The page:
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Atkins vs Midgley: The Limits of Science - part 3

Knowledge is not an empire, and science is just one discipline among others.

Atkins vs Midgley 3

This article is part of The Limits of Science: an ongoing debate between scientist Peter Atkins and philosopher Mary Midgley.

Midgley launches the debate by arguing that science does not have the answers to every question. In Science Unlimited, Atkins contends that, in fact, science will explain all of existence. Then, Midgley responds in Knowledge is Not an Empire, by arguing that science is just one field of enquiry among others. Now, Atkins counters that only science offers us a deep understanding of reality.


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The delusion that human knowledge is some kind of empire, despotically ruled by one's own favourite study, is not a new one. The classicists who for centuries taught Greek and Roman literature throughout Europe suffered from it badly, and they have, I think, only been cured of it by going out of fashion after the Second World War. That, however, was the epoch at which the field of academic studies began its recent vigorous expansion. It was also the epoch at which scholars became so much better educated about this expansion, and about the importance of relations between its various branches, that it is rather surprising today to find this kind of monopolistic claim still being made.

It is, however, no surprise to find that the renewed claim is yet one more twig from the ancient tree of dualism. When Descartes divided the world sharply between matter and spirit, he made possible a feud in which aggressive partisans of science could for ever make war against the church. This simple division of the academic world into two factions flattered the fighting instincts of both sides and it has kept the battle going until today, though that battle has less contemporary fuel to feed on now than it once had. The details of the present claim are still fairly startling. It turns out that, in Atkins's opinion, science, though it is not “the only way to ask questions about reality”, is indeed “the only way to get reliable answers to those questions”.

What on earth does Atkins mean by saying this without even mentioning the endless other studies which now manage to perform this same feat? After all, not all questions are physical. What (we might ask) about the many thriving and successful current branches of history and geography? Are the main dates of history (for instance) not just as reliable as anything known about salts or atoms? What about economics? What, too, about “studies of animal behaviour, anthropology and the evolution of stable societies”? These are all topics which Atkins lists as good sources that will improve our understanding of ethics. He therefore must think that they are reliable.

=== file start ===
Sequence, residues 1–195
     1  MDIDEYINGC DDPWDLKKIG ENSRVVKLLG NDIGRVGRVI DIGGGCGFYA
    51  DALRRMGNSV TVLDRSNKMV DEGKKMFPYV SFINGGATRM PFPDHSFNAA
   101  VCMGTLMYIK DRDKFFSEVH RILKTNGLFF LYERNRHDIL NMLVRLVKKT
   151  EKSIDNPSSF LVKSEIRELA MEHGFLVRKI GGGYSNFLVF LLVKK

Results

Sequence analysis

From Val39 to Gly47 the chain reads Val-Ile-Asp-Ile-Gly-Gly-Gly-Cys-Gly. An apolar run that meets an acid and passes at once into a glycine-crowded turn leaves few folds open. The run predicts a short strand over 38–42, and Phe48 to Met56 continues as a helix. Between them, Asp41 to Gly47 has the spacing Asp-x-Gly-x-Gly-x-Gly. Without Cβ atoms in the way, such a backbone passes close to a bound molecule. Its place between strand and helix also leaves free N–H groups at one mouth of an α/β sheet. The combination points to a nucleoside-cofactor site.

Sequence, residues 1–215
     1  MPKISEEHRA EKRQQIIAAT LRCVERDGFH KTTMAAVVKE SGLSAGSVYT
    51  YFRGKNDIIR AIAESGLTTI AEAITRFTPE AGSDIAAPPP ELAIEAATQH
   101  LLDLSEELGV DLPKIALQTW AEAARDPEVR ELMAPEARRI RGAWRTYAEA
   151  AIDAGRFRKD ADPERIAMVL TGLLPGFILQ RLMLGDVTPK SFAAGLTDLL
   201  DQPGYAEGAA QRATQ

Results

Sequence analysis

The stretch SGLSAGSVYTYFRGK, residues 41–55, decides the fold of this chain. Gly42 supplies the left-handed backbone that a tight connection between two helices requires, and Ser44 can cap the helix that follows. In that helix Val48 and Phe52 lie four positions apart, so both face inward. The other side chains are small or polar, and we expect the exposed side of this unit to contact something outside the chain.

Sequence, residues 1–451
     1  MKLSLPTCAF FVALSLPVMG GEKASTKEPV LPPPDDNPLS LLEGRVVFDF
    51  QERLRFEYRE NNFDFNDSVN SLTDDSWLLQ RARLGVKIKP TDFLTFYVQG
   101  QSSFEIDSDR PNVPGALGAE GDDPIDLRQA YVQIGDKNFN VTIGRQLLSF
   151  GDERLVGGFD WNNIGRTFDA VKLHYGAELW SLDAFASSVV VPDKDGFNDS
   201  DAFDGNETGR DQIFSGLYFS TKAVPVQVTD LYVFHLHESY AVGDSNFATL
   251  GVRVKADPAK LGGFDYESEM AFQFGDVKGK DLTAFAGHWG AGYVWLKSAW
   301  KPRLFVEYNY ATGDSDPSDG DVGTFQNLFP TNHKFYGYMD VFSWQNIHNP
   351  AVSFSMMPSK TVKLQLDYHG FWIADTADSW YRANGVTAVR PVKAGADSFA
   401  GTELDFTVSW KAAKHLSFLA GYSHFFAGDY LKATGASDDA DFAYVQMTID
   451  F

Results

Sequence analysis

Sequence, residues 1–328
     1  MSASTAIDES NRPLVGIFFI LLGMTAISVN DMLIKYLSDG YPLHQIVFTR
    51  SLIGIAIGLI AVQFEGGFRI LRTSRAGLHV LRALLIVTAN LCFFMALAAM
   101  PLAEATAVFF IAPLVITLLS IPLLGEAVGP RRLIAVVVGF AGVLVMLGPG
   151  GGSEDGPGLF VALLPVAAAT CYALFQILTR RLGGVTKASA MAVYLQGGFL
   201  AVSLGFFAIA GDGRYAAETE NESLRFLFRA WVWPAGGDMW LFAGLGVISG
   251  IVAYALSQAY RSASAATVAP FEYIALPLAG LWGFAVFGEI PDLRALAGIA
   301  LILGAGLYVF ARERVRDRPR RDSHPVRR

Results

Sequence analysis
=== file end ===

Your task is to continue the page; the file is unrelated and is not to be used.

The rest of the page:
Are they perhaps honorary outgrowths of science? No, he has explained that the term covers only physics, chemistry and biology. And if one tried to count them all as parts of biology there would be no plausible stopping point to avoid letting in everything else. It is interesting, in fact, that he has selected these particular examples. They are all matters much discussed in recent times, and they all fall outside his strict definition of science. By admitting them he has clearly let in the rest of the social sciences (and, with the last example, history) into the sacred tent that was meant to contain only science

In fact, he has moved with the times. After this, what is left of the grand solitude in which science was supposed to be reigning? It has surely become clear now that there never was any such solitude, nor indeed any need for such reigning. Science – or rather, the sciences – simply form part of the great orchestra of enquiries which continuously widens the range of human knowledge as they all work harmoniously together. And we need not think, meanwhile, that the world is made up, on the dualist model, of two disconnected elements, spirit and matter, which are alien to each other. This is just one world, exactly as each of us is just one single person, not a loose jumble of disconnected mind and body.

So I suggest that we can now dismiss these seventeenth-century worries and move on to matters more interesting in our own day.


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This article is part of The Limits of Science: an ongoing debate between scientist Peter Atkins and philosopher Mary Midgley.

Midgley launches the debate by arguing that science does not have the answers to every question. In Science Unlimited, Atkins contends that, in fact, science will explain all of existence. Then, Midgley responds in Knowledge is Not an Empire, by arguing that science is just one field of enquiry among others. Now, Atkins counters that only science offers us a deep understanding of reality.

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math analysis 22 December 2015

all questions are to be analysed from 2 directions called top down and bottom up - the former has merit but leads to confusing debate eg i believe in a spirit world or the converse but nonetheless we can view from the top and work down calculating at every level and finally linking up with the bottom up analysis ? for example we can accept that humans are interested in the concepts of religion which consist of a need and existence of a hidden world which in evolutionary language has a higher intelligence level and monitors or controls our world ? question is ........

karl4 31 October 2015

Science is a way of observing and analyzing observations from multiple observers. Why try to compartmentalize fields of knowledge?

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